The Federal Office for Building and Regional Planning

Research Project: Integrated approaches to Dissonant Heritage in Europe

Project briefing

  • Status Completed
  • Project duration April 2021 – December 2022
  • Programme ExWoSt

All over Europe, dissonant heritage of the 20th century is under discussion. The Partnership on Culture and Cultural Heritage in the Urban Agenda for the EU (UAEU) currently addresses this topic in the framework of a specific 'Action'. Since 2020, a working group of European experts has explored the value and potential of dissonant heritage in the context of integrated urban and regional development. The Action 'Integrated Approaches to Dissonant Heritage' is led by the Federal Ministry for Housing, Urban Development and Building (BMWSB) and is supported by this ExWoSt project.

Buzludzha peak with the saucer-shaped memorial house in the background, in front a second monument, showing two torches Former Monument House of the Bulgarian Communist Party - Buzludzha, Kazanlak, Bulgaria Former Monument House of the Bulgarian Communist Party - Buzludzha, Kazanlak, Bulgaria

Background

Dissonant heritage is part of European history and cultural heritage. This can include places related to National-Socialist, fascist, nationalist or communist regimes and state systems, as well as places that reveal structural evidence of war, persecution, or colonisation. Much of Europe’s most striking post-war modern architecture and urban planning can also count as part of Europe’s dissonant architectural heritage.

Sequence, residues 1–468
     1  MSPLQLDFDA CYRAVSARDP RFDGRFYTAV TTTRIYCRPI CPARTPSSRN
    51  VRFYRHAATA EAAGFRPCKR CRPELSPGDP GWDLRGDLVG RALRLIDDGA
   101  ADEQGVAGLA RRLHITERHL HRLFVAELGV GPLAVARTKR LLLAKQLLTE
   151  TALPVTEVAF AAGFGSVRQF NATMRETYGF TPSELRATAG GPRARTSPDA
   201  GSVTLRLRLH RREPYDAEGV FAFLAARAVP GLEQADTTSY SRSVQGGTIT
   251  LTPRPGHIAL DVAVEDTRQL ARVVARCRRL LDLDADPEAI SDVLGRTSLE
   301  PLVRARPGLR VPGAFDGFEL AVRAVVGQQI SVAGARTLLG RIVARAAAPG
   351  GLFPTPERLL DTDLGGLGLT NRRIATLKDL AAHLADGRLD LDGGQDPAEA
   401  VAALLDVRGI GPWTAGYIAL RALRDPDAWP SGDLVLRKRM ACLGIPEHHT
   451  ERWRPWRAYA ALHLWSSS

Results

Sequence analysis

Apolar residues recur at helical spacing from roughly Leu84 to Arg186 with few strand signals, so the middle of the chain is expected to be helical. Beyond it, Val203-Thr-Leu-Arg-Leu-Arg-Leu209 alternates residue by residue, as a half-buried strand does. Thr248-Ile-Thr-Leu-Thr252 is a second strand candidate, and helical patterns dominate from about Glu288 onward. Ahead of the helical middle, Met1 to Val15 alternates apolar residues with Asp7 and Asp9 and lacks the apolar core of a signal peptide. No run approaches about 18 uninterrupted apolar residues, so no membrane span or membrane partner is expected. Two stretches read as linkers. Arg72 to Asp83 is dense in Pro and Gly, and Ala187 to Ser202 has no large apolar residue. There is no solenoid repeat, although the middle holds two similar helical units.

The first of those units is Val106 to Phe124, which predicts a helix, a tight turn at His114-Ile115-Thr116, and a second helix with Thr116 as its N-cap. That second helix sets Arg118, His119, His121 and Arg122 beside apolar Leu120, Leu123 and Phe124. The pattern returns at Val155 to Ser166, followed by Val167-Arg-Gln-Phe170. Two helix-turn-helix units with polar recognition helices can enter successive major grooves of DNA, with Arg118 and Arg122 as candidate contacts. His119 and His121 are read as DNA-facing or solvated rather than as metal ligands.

'Dissonant' is not to be understood as a property inherent in any specific heritage site, but rather as a symptom that arises against a complex background of social, political and historical conditions. Such conditions may lead a society or social group to associate particular cultural or architectural heritage with negative or unpleasant memories. The site thus becomes politically and/or historically burdened; in other words, it becomes dissonant. Accordingly, dissonant heritage captures the controversies and conflicts in competing and sometimes ambiguous readings of the past.

In many places in Europe, dissonant heritage is badly neglected, inaccessible to the public and threatened with demolition and decay. Historic buildings and areas are often not under protection, and deemed unworthy of preservation to many of those involved, partly because of the unpleasant associations. There is often an urgent need for action to secure, preserve and develop these historic building structures in a way that is fit for the future.

Historical Olympic Village of 1936, Wustermark, Germany

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Aerial view of recon-struction and new construction measures in the first development stage of the Olympic Village, with unrenovated GDR prefab buildings in the back-ground Historical Olympic Village of 1936, Wustermark, Germany Historical Olympic Village of 1936, Wustermark, Germany

Exploring the potential of dissonant heritage